Actions 2019 – 2020
- We recognise the importance of ensuring that everyone can continue to participate. On the side lines, we are continuing our efforts as expressed in the Letter to Parliament concerning the cohesive approach to digital inclusion.
- We will meet the obligation from DigiAccess (DigiToegankelijk) according to which information on new websites and apps must be accessible as from 23 September 2019. The same obligation applies one year later for all websites and apps, including those already in existence.
- In 2019, the level of assurance for businesses wishing to log in to government (using eRecognition means) will gradually be raised to level 3 (substantial).
- In 2020, login by citizens supported with app or SMS code will be broadly rolled out. The aim is for all citizens to have access to level 3 (substantial) DigiD, by the end of 2020.
- We are working hard to develop broader-based solutions and (private) alternatives for DigiD.
- We are working hard to regulate the recovery capacity of the system of login means, so that citizens who fall victim to identity fraud can be adequately assisted.
- In 2019, BZK will be investigating virtual identity and together with JenV will be looking into Known Traveller Digital Identity. This will include an examination of the consequences for legislation and regulations and the preparation of a business case. Technical developments will be further continued and tested in pilots.
- In 2019, we will be launching the programme Improving the System of Travel Documents (Letter to Parliament 26 June 2019). This programme aims to make the system of travel documents more reliable, more secure and capable of keeping pace with the latest requirements. In 2020, the initial results will be put into practice, including automatic consultation of the Register of Passport Alerts (Register Paspoortsignaleringen). This will help ensure that people who are not entitled to a passport are not issued with a passport.
- Various municipalities have joined BZK in integrating new identity tools in their services.
- A working prototype of Self Sovereign Identity will be ready by 2019-2020. The intention is that in the future, citizens can identify themselves via their mobile telephone, without having to show a passport.
- The system of authorisations is so user friendly that it can be used by anyone. Authorisations can be issued for (digital) services from the Tax and Customs Administration and DUO. UWV is expected to join this group in November 2019. A rollout to other government organisations is planned.
- Mothers are automatically authorised to represent their children (for example in healthcare) and legal representatives (including guardians) are automatically authorised for their clients. This authorisation facility will be gradually rolled out across government.
Control of data
- Data sharing:
Pilots and initial implementation programmes are currently underway at various points in government, for the sharing of data. From 1 July 2020 onwards, every patient will be entitled to take control of their own health data via a Personal Health Environment. The programme MedMij has set the relevant standards.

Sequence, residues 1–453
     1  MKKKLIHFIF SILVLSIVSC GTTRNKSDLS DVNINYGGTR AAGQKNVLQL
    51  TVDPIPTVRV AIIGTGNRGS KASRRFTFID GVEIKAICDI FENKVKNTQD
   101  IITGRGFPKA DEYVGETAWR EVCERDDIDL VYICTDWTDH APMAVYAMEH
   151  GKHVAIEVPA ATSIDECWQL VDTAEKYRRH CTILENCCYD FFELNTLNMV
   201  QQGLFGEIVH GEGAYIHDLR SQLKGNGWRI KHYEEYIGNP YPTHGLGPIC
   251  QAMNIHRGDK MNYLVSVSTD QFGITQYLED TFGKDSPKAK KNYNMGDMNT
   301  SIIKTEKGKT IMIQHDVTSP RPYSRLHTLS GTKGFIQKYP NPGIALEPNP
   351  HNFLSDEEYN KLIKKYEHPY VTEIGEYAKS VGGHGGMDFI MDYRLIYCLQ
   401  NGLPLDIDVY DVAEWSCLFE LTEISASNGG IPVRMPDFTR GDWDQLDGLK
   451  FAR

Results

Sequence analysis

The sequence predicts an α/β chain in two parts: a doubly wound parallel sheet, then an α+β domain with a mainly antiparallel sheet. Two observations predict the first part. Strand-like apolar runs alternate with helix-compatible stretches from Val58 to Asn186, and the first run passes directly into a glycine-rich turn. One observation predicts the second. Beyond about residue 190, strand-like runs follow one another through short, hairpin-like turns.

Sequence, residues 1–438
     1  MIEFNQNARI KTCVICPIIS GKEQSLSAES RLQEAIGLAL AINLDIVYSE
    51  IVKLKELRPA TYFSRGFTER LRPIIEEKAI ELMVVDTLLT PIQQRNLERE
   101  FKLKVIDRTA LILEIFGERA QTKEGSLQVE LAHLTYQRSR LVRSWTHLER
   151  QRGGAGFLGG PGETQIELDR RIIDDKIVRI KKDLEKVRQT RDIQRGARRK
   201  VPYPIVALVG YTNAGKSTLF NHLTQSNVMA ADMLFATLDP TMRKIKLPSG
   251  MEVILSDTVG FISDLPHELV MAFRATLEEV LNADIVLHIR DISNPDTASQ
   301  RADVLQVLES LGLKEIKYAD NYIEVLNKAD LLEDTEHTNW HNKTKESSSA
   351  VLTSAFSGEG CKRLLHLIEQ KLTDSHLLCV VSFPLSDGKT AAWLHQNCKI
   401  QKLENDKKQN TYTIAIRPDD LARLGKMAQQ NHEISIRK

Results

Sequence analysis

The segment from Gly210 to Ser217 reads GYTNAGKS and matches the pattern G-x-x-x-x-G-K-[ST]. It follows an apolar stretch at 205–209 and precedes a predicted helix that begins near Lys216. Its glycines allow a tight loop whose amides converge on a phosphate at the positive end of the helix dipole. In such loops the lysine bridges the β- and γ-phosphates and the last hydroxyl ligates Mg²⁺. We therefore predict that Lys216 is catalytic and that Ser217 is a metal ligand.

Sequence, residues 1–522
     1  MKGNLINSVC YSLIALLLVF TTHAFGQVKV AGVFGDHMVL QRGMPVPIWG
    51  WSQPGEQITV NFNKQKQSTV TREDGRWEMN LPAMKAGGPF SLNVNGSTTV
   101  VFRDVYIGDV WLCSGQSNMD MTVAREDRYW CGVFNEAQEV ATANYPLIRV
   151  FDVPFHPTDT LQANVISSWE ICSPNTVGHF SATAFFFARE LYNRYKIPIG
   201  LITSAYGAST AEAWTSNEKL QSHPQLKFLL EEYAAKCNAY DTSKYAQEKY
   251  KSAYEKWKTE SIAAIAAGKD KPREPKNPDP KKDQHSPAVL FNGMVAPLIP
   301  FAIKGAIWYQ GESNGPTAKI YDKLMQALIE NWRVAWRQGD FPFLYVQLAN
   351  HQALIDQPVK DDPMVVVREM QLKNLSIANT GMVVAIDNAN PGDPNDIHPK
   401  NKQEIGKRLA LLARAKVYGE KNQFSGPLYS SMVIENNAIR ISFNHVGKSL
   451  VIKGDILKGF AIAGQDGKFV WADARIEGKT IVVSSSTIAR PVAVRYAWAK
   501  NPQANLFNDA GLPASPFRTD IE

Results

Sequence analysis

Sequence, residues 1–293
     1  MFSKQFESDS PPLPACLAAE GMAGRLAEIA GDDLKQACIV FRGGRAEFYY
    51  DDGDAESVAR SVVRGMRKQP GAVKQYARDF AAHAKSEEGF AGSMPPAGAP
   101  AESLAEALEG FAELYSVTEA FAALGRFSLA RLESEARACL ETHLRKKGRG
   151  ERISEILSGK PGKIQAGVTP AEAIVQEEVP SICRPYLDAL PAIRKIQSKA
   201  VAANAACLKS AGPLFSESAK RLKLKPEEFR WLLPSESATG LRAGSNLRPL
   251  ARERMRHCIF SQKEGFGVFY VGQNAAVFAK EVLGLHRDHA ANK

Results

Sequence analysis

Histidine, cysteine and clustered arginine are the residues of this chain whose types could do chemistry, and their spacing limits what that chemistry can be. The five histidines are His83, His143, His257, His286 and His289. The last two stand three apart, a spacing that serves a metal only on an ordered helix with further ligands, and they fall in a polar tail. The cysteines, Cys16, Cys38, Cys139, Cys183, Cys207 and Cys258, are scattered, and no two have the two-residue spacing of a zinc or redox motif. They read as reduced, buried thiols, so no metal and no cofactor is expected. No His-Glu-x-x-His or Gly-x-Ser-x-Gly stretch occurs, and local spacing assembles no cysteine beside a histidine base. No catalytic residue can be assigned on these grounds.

We are developing government-wide (legal) frameworks for data sharing with private organisations. Those frameworks will be anchored in the Digital Government Act.
In 2020 we will enable citizens to share their own BRP data with civil society organisations, via MijnOverheid (MyGovernment).
- One-time data issue:
We will be anchoring the principle of one-time data issuing and will be making the use of basic data in the Digital Government Act compulsory, if possible by 2020.
In 2020, via MijnOverheid, citizens will be able to see which data are already subject to the principle of one-time data issuing.
- Access and rectification:
We are currently testing a government-wide, organisation-overarching problem solving team for urgent problem cases to rapidly rectify the consequences of an incorrect item of data.
In MijnOverheid, citizens can identify which organisations receive which basic data for what purpose, and via a rectification button can be immediately put in touch with the correct counter for rectifying basic data.
- We will learn lessons from existing pilots aimed at increasing control of data for individual citizens and businesses. Wherever possible, we will be scaling up the scope.
Basic registers, geobasic registers and the BRP
- We are optimising the system of basic registers. This includes proposals for improving user friendliness and possibly more compulsory use.
- We are working on a vision on the BRP system.
- One key tool for improving the address quality in the Basic Register of Persons is the National Address Quality Programme (LAA). Work is underway on a Bill that reinforces the role of the Minister of BZK.
- We are investigating the possibility of adding email addresses to the BRP. International studies are also currently underway into developments involving population registers.
- In the framework of restricting the registration of gender, studies are underway into choices for addressing citizens by government organisations using the BRP. In addition to Mr and Mrs, a gender-neutral option could be offered. The results will be announced at the end of 2019.